© 2012 By C. J. Wells



Disclaimers: See Chapter One.

. Abdallahi ibn Muhammad (1846 – 1899) was a Sudanese

General. Menelik II (1844 –1913) was Emperor of Ethiopia from 1889 until his death.

Maria W. Stewart (1803 – 1879) was an African-American public speaker and activist.





Rejeanne and Lindsay sipped tea, nibbled on cakes and listened attentively as Sir Robert began to chronicle the events that transpired after the end of Jo Clark's second dream.

“Let's see,” he began. “The dream ended with our heroines locating the painted chakram on the wall of the cavern under the church.”

“That's right,” Rejeanne agreed.

“Your friend correctly guessed the year that these events took place…”

“…Pretty cool since she didn't actually know,” Rejeanne said, interrupting Sir Robert.

“Absolutely,” he said. “Precisely, it was in September of 1890. Gondar was quite a volatile place at that time. The Sudanese Muslim warlord Abdallahi ibn Muhammad had invaded and destroyed much of the city two years before. Emperor Menelik and the Ethiopians had defeated Muhammad, but they were preparing for war against the Italians, who had been disrespecting a treaty between the two nations. Alemnesh, because of her diplomatic position and alliance to the Emperor, had been granted unlimited access to military personnel to serve as her bodyguards. Your friend stated that Alemnesh was vital to Maggie's mission to find the scrolls because of her ability to translate, but that was only a part of her role. Lady Harry wasn't paying the armed Tigrayan mercenaries for protection. Alemnesh's ties to the Empire allowed for her to procure those men to protect the three women.”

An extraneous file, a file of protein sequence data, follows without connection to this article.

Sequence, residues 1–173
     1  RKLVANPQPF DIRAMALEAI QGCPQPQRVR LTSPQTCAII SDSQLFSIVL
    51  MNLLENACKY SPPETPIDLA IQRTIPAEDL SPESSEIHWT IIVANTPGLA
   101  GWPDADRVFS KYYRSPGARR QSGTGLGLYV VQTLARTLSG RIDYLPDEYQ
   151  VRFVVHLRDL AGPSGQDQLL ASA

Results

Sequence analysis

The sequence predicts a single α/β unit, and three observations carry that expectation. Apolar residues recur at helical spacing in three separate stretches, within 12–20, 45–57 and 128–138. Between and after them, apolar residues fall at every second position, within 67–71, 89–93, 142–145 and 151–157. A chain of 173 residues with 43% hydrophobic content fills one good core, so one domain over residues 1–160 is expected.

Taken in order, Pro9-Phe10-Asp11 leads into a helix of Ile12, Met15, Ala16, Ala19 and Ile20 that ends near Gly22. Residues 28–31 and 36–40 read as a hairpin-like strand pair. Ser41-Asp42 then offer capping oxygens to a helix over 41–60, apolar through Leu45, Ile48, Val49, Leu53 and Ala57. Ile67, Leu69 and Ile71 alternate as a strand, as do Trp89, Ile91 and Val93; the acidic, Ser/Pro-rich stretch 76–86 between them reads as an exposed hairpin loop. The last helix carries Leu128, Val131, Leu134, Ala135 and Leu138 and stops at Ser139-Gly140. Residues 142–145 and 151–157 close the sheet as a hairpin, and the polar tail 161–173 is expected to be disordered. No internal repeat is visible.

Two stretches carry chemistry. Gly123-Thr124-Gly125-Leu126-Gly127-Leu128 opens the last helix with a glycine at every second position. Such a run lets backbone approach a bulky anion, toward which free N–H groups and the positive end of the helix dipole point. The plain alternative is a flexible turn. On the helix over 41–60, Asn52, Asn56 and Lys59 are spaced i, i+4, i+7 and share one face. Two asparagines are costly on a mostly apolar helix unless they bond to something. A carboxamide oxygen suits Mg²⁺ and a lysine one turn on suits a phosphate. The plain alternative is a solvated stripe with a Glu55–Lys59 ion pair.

“Well, Maggie probably didn't need much protecting.” Rejeanne chimed in jovially.

“Unfortunately, as it turned out, she could have used more, but I digress,” Sir Robert stated. “Continuing, the women began using pick axes to break the wall. They eventually reached a very large chest made out of pure platinum.”

“Platinum?” asked Lindsay.